There have been a number of pitfalls to glaze testing beyond the normal, where the tests just don't work. I have had a number of tests pan out to the second stage where they didn't make it and some go on to be made up in larger batches, over 2500 gr. and then cease to work as they had in several test phases previous. But by far the most frustrating and even devious scenarios are where you make up a batch, glaze multiple pieces and the glaze responds perfectly. Now out of the new test glaze, you go and make up more, glaze up more pieces and when you unload the kiln, the new glaze has failed.
This happened recently, using materials that I "inherited". I made up a cool, bright glaze and glazed a number of pots, all came out well better than expected, however, the glaze ran low and I made up more with the same exact materials and the glaze failed miserably. My current suspicion is that the original glaze was made up with chemicals that have been around since the 70's and the new batch from materials I bought as far back as last spring. I think I can ultimately solve the problem, but I won't hold my breath. There is never any glaze certainty when testing is involved.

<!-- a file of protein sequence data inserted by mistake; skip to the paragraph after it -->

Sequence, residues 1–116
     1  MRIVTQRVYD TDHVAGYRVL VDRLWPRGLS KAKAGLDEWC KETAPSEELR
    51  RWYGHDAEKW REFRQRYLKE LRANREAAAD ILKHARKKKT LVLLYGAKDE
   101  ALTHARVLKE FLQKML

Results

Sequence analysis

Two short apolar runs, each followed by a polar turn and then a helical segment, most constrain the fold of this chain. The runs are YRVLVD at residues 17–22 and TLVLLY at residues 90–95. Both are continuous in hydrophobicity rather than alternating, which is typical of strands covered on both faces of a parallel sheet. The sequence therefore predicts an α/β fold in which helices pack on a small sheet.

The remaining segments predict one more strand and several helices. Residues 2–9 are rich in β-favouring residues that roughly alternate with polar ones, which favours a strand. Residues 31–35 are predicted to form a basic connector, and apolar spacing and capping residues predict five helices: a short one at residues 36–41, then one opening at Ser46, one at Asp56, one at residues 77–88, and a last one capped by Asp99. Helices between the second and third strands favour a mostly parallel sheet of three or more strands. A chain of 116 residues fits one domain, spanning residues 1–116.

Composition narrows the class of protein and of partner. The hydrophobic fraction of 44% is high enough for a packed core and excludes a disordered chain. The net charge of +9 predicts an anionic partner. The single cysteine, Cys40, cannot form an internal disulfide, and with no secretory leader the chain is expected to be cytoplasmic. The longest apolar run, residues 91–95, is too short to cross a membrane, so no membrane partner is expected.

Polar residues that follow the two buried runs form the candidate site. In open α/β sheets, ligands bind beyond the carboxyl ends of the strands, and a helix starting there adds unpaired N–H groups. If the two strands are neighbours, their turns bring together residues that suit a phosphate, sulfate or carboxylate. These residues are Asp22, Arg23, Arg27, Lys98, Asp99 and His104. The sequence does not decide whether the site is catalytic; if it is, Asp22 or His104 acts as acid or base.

Illustrated is one of the blend glazes I came up with about a month or so ago. This one is called T'pir after the initials of the two glazes it sprung from and has made it through two levels of testing. Unfortunately, the necessity for several cycles of terra cotta has put the next phase of the testing on hold, but once I get back to stoneware, I see some teabowls, small jars and a vase or two destined for the T'pir glaze.
"If we begin with certainties, we shall end in doubts; but if we begin with doubts, and are patient in them, we shall end in certainties." Francis Bacon (1561-1626)